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Media release: Unions and super fund announce major research into paid reproductive leave


The Health and Community Services Union (HACSU), Health Services Union (HSU), Queensland Council of Unions (QCU), and Aware Super have jointly commissioned new research on the costs and benefits of paid reproductive health and wellbeing leave for Australian workers.

The research, to be conducted by the Bankwest Curtin Economics Centre, will model the impacts of introducing a minimum 12 days paid reproductive leave entitlement in workplaces across the country. It will examine the prevalence of reproductive health conditions, projected leave utilisation, costs to employers, and potential productivity benefits.

Unions are calling for the Albanese government to introduce paid reproductive health and wellbeing leave to the National Employment Standards, to ensure universal access for all workers.

HACSU Assistant State Secretary Kate Marshall, who has spearheaded the union's campaign for reproductive leave since 2019, said the research is a crucial step towards achieving this important workplace right: "HACSU made history as the first union to campaign for reproductive leave in enterprise bargaining in 2020. Now we're taking it further by quantifying the case for a universal minimum entitlement of 12 days paid leave for all workers dealing with reproductive health issues."

"Reproductive health issues like endometriosis, menopause, IVF treatment and more impact workers' wellbeing and ability to fully participate in the workforce. Dedicated paid reproductive leave would provide crucial support during these challenging times and help remove barriers to economic equality," said Marshall.

The research will draw on multiple data sources including surveys of employers and workers on current leave provisions and attitudes towards reproductive leave. It will provide a comprehensive evidence base to guide advocacy efforts by the partner organisations.

"Too many workers, especially women, are forced to use regular sick leave or go without pay to manage reproductive health matters," said HSU National Secretary Lloyd Williams. "This groundbreaking research will show that a dedicated reproductive leave entitlement is not only fair, but makes economic sense for businesses and the broader community."

Queensland unions recently won paid reproductive leave for 265,000 public sector workers across the state. QCU General Secretary Jacqueline King emphasised the wide-ranging benefits of such a policy: "Reproductive leave promotes gender equality, improves workplace productivity and participation, and supports work-life balance. The Queensland union movement is proud to partner on this vital research."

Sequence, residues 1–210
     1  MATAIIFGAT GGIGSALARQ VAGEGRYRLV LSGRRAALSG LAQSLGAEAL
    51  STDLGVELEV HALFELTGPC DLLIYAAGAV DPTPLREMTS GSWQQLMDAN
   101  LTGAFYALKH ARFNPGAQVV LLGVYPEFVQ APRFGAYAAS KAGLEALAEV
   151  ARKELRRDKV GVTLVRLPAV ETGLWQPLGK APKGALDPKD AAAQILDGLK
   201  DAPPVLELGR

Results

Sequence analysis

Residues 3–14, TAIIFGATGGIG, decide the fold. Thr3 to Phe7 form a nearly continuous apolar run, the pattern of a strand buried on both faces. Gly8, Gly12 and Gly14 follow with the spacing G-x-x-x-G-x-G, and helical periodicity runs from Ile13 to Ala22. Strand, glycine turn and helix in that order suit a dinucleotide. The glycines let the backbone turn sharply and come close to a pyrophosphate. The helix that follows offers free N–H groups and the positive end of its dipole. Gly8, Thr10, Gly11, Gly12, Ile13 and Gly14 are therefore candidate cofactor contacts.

Aware Super Group Executive Communications & Advocacy, Katrina McPhee, said the fund's involvement reflects its commitment to advancing workers' economic security and gender inequity. "We have a strong focus on addressing the systemic issues that contribute to the gender retirement savings gap, and recognise the importance of initiatives that help to attract and retain women in the workforce, which is why we introduced menopause leave for Aware Super employees in 2023. The insights this research will identify have the potential to help shape meaningful improvements to industrial policy. Inadequate workplace support for reproductive health, including menopause, is one of those issues that disproportionately affects women at work, which is why this independent research by the Bankwest Curtain Centre is so important."

The research findings are expected to be released in late 2024.


Media contact: Róisín McGee 0499 221 525 or

HACSU is a trade union comprising over 11,000 members across Victoria. HACSU has represented Victorians employed in mental health, disability, and alcohol and drug services, across the public, private, and non-profit sectors, for over 100 years. Its members include mental health nurses, social workers, occupational therapists, health professionals, disability support workers, peer workers, admin workers and more.